This article will focus on those conjugates that have been used to probe mechanisms of complex estrogen signaling. A summary of these conjugates is shown in Table 1. Most of these conjugates have been developed with the intent of restricting the access of the small molecule to either the plasma membrane or the cytoplasm.
The scaffolds have ranged from proteins such as bovine serum albumin BSA and horseradish peroxidase [ 16 ] to synthetic scaffolds such as dendrimers, fluorescent dyes and polymers. Equally important, but often overlooked by non-chemists, is the linker that attaches the ligand to the scaffold.
Both the attachment point of the linker to the drug and its chemical nature can play key roles in determining the overall biological activity and localization properties of the conjugate. Summary of conjugates used to probe rapid estrogen responses organized by nature of ligand, linker and scaffold.
Most of the early work done with identifying the location of rapid estrogen signaling used the estrogen-BSA conjugates [ 17 ]. The conjugates are commercially available, have fluorescently labeled derivatives and have found widespread use as probes of a number of different types of estrogen-induced responses [ 18 - 20 ].
In these studies, the BSA conjugates are used primarily to probe whether the estrogen-induced signal is originating from the plasma membrane, since BSA is assumed to membrane-impermeable.
The use of the BSA-estrogen conjugates should be cautiously monitored. Albumins have high binding affinities for steroid and the commercially purchased conjugates have been reported to contain a high amount of unconjugated ligand [ 21 , 22 ].
In addition, they exhibit slow binding kinetics to the receptor and stimulate pathways that are not stimulated by estradiol alone [ 21 , 22 ]. Albumin cannot be assumed to be a pharmacologically inert molecule— BSA has been shown to induce oxidative stress in renal tubule cells [ 23 ] and apoptosis in fibril form in different cell lines [ 24 ]. Albumins can also extract other molecules from membranes such as arachidonic acid and significantly alter membrane fluidity and signaling [ 25 ]. These conjugates can still be useful tools to study estrogen signaling, but careful attention should be paid to the purity of the conjugates and nature of the control experiments.
Attempting to improve on the estrogen-BSA conjugates, a number of labs have made non-proteinaceous estrogen and antiestrogen conjugates. The first molecules were estradiol or tamoxifen analogs modified into membrane-impermeable molecules by adding a charge to the ligand, as in the case of Q-Tam, a quaternary ammonium salt of tamoxifen. Confirming the localization of these molecules has proven to be difficult and the fact that these molecules have effects on transcription strongly suggest that these charged molecules are not entirely extracellular.
Recent HPLC analysis of cell lysates suggest significant intracellular accumulation of quaternary ammonium tamoxifen derivatives, which raises questions as to the overall membrane-targeting utility of these compounds [ 27 ]. Later attempts to generate localization-specific conjugates involved coupling compounds to highly polar, fluorescent dyes or to large macromolecules such as dendrimers, cyclodextrins or polymers [ 28 - 32 ].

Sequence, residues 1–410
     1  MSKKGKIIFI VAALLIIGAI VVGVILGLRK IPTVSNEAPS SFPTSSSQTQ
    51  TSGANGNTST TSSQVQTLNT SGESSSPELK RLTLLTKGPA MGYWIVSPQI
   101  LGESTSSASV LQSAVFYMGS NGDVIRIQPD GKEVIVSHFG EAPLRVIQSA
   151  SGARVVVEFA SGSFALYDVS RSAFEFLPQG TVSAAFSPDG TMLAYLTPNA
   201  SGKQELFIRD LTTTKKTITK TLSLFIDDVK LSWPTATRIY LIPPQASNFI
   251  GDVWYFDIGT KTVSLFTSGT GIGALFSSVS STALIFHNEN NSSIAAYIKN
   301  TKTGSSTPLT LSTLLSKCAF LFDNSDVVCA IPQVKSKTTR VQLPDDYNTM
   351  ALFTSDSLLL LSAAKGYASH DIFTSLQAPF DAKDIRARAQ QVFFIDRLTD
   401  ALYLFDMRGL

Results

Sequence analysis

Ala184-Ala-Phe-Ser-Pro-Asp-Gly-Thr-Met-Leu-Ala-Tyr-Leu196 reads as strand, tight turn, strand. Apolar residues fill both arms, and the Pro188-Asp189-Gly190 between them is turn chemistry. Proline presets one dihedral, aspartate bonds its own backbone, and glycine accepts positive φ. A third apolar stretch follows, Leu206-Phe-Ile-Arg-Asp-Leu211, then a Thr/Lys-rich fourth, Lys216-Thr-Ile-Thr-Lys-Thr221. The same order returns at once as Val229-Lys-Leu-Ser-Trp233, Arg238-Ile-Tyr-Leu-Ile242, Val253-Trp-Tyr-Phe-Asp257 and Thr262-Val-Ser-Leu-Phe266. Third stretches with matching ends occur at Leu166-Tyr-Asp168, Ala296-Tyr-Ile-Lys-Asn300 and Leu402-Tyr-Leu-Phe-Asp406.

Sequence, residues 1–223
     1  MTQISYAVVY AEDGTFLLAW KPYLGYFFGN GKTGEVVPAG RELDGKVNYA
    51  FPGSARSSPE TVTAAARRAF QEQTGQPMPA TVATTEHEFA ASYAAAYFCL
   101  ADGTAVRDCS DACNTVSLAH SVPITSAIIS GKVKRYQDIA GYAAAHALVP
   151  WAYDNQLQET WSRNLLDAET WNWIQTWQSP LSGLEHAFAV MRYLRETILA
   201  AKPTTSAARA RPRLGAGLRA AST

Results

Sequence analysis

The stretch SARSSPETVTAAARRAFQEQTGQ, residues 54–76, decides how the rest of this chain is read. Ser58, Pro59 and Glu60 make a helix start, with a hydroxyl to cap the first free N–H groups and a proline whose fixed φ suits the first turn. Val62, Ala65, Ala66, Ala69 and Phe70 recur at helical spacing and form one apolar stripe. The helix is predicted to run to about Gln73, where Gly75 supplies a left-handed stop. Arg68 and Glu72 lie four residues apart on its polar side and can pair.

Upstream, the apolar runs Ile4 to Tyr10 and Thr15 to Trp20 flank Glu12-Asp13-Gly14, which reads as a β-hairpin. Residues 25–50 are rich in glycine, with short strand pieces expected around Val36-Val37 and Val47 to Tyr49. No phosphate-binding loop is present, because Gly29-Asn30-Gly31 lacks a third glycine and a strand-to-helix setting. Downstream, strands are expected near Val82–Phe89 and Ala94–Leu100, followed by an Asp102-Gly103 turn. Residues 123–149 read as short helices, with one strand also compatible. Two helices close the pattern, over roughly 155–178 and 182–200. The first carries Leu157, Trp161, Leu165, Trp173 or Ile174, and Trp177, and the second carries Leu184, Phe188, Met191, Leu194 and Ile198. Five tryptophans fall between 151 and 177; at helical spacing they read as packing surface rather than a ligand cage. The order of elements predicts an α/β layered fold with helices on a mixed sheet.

The multifunctional potential of these conjugates enabled easier tracking of the conjugates and showed that they all localize to the cytoplasm, although the kinetics of cellular uptake differed significantly.
The difference in uptake kinetics and in the effect of unconjugated drug on uptake suggests that there might be multiple mechanisms of uptake, ranging from a ligand-dependent endocytosis to passive diffusion [ 27 , 28 , 33 ]. These conjugates, especially the estrogenderivatized dendrimer, are starting to be used more frequently to probe questions regarding extranuclear estrogen signaling[ 34 - 36 ].
As mentioned above, both proteinaceous and non-proteinaceous estrogen conjugates are being used extensively to probe the location of specific estrogen signaling. While these molecules have the potential to be useful to people with varying degrees of expertise with conjugate chemistry, there are a number of issues related to conjugate preparation that can complicate their use.
Compounds that modulate estrogen receptor activity are typically hydrophobic with relatively poor water solubility. They also show high binding affinities for serum carrier proteins such as sex hormone binding globulin SHBG and different albumins. It is possible that these same compounds would also have a high propensity for binding nonspecifically to the scaffolds that are used with these conjugates [ 21 , 31 ]. For macromolecular conjugates, such as the estrogen-BSA and tamoxifen-polymer conjugate, a small amount of free drug associating with the conjugate in a noncovalent manner could significantly hinder the utility of the conjugate as a specific extranuclear or membrane probe unpublished observation.
In addition, even though dialysis is likely the simplest method to remove contaminants, the dissociation equilibrium of free drug from a carrier protein complex could be highly unfavorable in dilute aqueous solutions. During the development of 4-hydroxytamoxifen conjugates with poly methacrylic acid scaffolds, we discovered using a small, but persistent, amount of free drug still associated with the conjugate even after extensive dialysis unpublished observation.
Ultimately reverse phase preparative HPLC was required to remove the contaminant [ 31 ]. Cursory analysis of work with the BSA-estradiol conjugates, which have already been documented to have some degree of contaminating free ligand [ 21 ], suggest that some groups pay great attention to ensuring the purity of the conjugates [ 37 ] while many others do not appear to have performed any purification at all. Dialysis can still be an effective method to purify conjugates and is likely sufficient for most studies, but ideally, the purity of the material should be assessed before using.
There are a number of good examples of purity assessment in the literature with both synthetic conjugates and the BSA conjugates.